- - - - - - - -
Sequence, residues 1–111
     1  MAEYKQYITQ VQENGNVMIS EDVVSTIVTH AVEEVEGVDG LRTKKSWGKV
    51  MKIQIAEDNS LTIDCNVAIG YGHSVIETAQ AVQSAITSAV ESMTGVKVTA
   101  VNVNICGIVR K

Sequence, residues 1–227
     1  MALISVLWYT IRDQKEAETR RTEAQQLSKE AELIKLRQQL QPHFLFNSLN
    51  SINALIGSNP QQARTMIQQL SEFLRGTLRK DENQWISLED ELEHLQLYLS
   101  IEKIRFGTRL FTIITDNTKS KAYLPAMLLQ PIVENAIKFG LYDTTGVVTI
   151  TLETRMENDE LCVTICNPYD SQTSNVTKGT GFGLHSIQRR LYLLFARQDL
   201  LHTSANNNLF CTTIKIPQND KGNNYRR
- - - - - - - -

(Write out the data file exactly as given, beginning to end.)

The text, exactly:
Sequence, residues 1–111
     1  MAEYKQYITQ VQENGNVMIS EDVVSTIVTH AVEEVEGVDG LRTKKSWGKV
    51  MKIQIAEDNS LTIDCNVAIG YGHSVIETAQ AVQSAITSAV ESMTGVKVTA
   101  VNVNICGIVR K

Sequence, residues 1–227
     1  MALISVLWYT IRDQKEAETR RTEAQQLSKE AELIKLRQQL QPHFLFNSLN
    51  SINALIGSNP QQARTMIQQL SEFLRGTLRK DENQWISLED ELEHLQLYLS
   101  IEKIRFGTRL FTIITDNTKS KAYLPAMLLQ PIVENAIKFG LYDTTGVVTI
   151  TLETRMENDE LCVTICNPYD SQTSNVTKGT GFGLHSIQRR LYLLFARQDL
   201  LHTSANNNLF CTTIKIPQND KGNNYRR